Gen Z has always expected transparency and authenticity from brands, and COVID-19 has only reinforced these values. As sellers of non-essential items, beauty brands must be especially cautious when marketing to Zs during this time.
According to Vogue Business, Gen Z is the generation most likely to delay purchases during the pandemic, which means that marketers need to adapt. Right now, your marketing efforts should be more focused on nurturing this audience than pushing sales.
Gen Z cares deeply about how brands are responding during the crisis, and they’re also paying attention to how companies are treating their employees. A recent DoSomething.org survey shows that, more than anything, Gen Z wants brands to share content that outlines how they’re keeping their employees safe and protected financially during this time. Other top content priorities include how brands are helping local communities and resources to help those impacted. What they don’t want is tone-deaf, business-as-usual promotions that ignore the current state of affairs.
Gen Z brands that come off as opportunistic or uncaring during this time are going to lose points with younger consumers, who want to see what brands are doing to help, but not if this messaging feels promotional or boastful. Zs value authenticity, and that hasn’t changed in a time of crisis—if anything, it’s been amplified. Sharing positive messages without backing it up with action? That’s definitely not the way to win over Gen Z.
To that end, playfully encouraging this frugal generation to spend their stimulus or unemployment funds (half of ‘older’ Gen Zs are currently either unemployed or live with someone who is) on beauty or fashion purchases is absolutely not a smart approach for Gen Z brands right now. Any brand that is seen as trying to profit from this crisis risks losing trust from these young consumers who—it's worth mentioning—have major purchasing power both now and in the future.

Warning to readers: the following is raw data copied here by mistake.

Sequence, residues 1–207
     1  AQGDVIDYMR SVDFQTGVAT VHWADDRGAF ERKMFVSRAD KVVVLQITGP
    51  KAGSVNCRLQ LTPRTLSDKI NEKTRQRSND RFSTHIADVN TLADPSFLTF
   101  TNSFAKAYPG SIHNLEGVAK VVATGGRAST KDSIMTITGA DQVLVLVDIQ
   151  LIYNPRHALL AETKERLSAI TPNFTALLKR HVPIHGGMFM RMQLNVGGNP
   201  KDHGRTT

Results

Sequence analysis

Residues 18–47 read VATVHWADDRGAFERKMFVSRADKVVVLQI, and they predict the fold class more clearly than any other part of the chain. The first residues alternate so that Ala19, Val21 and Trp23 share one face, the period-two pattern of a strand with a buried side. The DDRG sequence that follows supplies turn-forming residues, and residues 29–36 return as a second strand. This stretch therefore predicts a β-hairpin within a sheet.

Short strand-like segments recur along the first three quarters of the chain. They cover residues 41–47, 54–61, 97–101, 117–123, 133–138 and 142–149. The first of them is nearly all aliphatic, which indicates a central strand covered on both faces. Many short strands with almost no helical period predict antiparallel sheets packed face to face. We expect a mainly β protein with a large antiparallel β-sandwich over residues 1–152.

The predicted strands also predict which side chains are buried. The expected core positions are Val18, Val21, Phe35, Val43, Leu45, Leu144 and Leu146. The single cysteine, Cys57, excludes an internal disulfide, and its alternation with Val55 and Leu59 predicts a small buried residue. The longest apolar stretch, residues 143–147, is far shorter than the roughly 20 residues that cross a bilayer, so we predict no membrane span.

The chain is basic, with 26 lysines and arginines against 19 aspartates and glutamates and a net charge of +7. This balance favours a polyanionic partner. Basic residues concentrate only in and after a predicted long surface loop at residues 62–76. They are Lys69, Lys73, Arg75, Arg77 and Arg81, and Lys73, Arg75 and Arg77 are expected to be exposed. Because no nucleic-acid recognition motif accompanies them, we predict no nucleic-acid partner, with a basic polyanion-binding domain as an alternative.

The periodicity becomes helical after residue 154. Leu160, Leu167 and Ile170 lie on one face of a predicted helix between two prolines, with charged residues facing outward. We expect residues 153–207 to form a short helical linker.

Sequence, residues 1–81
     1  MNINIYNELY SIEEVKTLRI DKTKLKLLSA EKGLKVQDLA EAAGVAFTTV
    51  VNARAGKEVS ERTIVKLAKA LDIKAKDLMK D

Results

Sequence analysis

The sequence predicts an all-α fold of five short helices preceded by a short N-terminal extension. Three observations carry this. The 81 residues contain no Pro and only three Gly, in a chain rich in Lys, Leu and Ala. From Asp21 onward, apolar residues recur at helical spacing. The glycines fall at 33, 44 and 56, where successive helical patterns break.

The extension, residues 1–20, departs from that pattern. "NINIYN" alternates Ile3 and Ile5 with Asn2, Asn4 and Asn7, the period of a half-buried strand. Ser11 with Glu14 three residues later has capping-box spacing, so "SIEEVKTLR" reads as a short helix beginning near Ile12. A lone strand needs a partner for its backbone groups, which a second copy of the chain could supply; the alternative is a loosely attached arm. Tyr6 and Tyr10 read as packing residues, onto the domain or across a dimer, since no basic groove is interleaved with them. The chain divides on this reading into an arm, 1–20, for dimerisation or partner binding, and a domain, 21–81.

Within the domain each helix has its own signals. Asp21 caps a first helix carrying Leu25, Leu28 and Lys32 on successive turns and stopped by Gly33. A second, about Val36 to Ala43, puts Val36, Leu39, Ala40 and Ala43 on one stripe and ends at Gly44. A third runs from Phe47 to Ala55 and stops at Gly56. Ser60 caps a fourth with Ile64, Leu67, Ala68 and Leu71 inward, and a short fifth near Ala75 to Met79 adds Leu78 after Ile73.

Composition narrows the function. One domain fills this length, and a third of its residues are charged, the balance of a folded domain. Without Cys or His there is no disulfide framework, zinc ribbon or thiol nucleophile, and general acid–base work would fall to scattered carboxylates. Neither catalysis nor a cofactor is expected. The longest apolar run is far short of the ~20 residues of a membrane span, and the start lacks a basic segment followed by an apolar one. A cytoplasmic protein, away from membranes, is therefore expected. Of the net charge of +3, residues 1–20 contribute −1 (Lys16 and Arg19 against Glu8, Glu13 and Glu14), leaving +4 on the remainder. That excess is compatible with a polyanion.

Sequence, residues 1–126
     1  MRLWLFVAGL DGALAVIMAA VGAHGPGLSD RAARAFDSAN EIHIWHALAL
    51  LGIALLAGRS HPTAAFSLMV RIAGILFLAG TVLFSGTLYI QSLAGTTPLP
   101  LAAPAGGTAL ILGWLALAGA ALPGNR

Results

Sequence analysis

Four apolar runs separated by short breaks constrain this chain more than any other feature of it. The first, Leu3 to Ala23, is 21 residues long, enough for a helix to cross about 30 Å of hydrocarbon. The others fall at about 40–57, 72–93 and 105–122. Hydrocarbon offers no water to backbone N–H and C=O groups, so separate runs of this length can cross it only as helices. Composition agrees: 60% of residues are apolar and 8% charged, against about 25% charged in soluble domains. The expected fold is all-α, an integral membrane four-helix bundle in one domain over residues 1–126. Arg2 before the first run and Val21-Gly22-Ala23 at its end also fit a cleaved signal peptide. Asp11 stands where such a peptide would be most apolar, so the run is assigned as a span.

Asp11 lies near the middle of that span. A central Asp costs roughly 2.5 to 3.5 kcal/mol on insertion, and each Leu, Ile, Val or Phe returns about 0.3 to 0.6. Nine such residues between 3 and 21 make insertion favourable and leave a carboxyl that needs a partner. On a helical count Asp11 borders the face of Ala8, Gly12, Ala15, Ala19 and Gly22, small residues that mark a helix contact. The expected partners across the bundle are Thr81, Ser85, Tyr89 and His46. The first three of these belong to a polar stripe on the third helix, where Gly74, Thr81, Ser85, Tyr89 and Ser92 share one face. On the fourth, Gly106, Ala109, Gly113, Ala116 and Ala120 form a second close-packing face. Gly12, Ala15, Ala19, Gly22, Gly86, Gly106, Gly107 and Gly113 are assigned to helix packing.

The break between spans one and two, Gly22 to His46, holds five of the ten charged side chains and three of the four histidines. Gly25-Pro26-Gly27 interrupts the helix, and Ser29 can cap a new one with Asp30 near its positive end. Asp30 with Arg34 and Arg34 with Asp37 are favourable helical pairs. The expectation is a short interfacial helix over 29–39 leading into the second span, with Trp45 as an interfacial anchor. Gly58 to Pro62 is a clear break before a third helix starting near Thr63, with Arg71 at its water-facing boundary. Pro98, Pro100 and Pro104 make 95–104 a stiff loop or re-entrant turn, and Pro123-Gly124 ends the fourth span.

Here’s the good news: After the onset of the pandemic, UNiDAYS surveyed our students and analyzed their shopping activity on our app. And in our COVID-19 Performance Impact Report, we found that beauty brands in the U.S. actually saw a 71 percent spike in popularity among students during the pandemic. Surprising, right?
In the U.K. and Ireland, pandemic beauty sales have been centered around skincare and self-care, while in France, big-ticket beauty items are on the rise right now. This indicates that the appetite for spending on beauty is there, but in a more goal-oriented and specific way than before.
We’ve also found that brand-sponsored pay-it-forward schemes have been successful with Gen Z at this time. Which makes sense, since those campaigns align with Gen Z’s desire to make a positive impact, especially in times of crisis.
As digital natives, Gen Z continues to be highly engaged online. Social media campaigns that empower Zs to play a positive role in the crisis are a great option, as are interactive campaigns that incorporate content generation and invite them to make an impact.
To sum it all up: Right now, brands should focus on demonstrating that they care about their customers and employees in a genuine way. For example, content that encourages people to shop safely, stay home, and wear masks in public has been well-received by Gen Z.
Here are a few examples of fashion and beauty brands that are excelling at connecting with Gen Z through their actions, not just their words:
When people can’t physically gather in the same place for photo shoots, keeping fashion inventory updated on a website can be challenging. Asos has overcome this hurdle with augmented reality to digitally fit models with new clothes and keep content fresh, while protecting their employees at the same time.
MAC also used augmented reality to help housebound Gen Zs find just the right shade of foundation for those who want to look their best for Zoom classes and conference calls.
MAC Cosmetics proves to be a pioneer both in real life and in the gaming world. Black gamers have long struggled with a lack of options for avatars, but a recent MAC/Sims collaboration aims to change that with virtual makeup options that are well-suited for darker skin tones.
In response to the pandemic, fashion brand Rag & Bone acted fast to make stylish face masks, but they do more than just look good. For every purchase of a set of upcycled masks, the brand donates $5 to the New York charity City Harvest.
Gen Z beauty brands have a unique opportunity to connect with younger consumers in this time of crisis—but only if they aren’t seen as being opportunistic. This audience can see through gimmicks, and they don’t react well when a brand isn’t genuine. To learn more about how to reach this powerful group of young consumers, download our Gen Z Marketing Playbook.
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